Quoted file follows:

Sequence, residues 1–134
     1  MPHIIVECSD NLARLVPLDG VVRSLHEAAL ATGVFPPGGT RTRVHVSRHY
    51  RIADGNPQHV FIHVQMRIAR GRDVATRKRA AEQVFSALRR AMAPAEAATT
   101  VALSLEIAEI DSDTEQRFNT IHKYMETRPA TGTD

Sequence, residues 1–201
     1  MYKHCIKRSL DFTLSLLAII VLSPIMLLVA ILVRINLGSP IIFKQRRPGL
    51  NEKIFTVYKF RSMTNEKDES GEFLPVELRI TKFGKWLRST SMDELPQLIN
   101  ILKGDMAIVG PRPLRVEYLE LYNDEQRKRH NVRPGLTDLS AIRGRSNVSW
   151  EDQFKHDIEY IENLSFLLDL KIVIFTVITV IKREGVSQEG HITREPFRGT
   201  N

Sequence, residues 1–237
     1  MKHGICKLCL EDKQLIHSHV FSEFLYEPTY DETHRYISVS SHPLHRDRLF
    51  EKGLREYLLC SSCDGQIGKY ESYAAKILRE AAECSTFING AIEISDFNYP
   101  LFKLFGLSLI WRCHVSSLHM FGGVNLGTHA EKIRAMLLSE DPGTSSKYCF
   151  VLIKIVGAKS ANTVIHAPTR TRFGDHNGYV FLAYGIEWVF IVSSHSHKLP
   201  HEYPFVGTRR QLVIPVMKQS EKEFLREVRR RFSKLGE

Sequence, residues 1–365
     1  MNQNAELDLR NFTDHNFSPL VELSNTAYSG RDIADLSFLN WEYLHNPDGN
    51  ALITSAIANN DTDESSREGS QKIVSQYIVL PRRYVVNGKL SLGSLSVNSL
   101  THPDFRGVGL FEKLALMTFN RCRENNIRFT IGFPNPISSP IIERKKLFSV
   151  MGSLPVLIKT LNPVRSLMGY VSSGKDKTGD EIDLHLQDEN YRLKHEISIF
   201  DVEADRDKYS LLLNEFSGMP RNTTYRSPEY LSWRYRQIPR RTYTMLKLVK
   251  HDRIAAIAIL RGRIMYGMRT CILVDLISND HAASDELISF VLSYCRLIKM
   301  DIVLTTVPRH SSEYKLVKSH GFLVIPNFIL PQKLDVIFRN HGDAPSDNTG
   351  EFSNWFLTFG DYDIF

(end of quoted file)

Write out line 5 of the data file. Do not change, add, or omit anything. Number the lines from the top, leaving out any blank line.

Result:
Sequence, residues 1–201